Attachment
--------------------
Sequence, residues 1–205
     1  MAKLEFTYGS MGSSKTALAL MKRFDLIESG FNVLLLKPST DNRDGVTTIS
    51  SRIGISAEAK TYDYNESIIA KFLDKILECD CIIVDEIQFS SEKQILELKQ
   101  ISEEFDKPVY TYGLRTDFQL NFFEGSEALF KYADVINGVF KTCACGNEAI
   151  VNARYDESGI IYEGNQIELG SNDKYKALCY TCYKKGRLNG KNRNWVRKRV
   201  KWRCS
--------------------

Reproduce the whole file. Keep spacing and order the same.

Sequence, residues 1–205
     1  MAKLEFTYGS MGSSKTALAL MKRFDLIESG FNVLLLKPST DNRDGVTTIS
    51  SRIGISAEAK TYDYNESIIA KFLDKILECD CIIVDEIQFS SEKQILELKQ
   101  ISEEFDKPVY TYGLRTDFQL NFFEGSEALF KYADVINGVF KTCACGNEAI
   151  VNARYDESGI IYEGNQIELG SNDKYKALCY TCYKKGRLNG KNRNWVRKRV
   201  KWRCS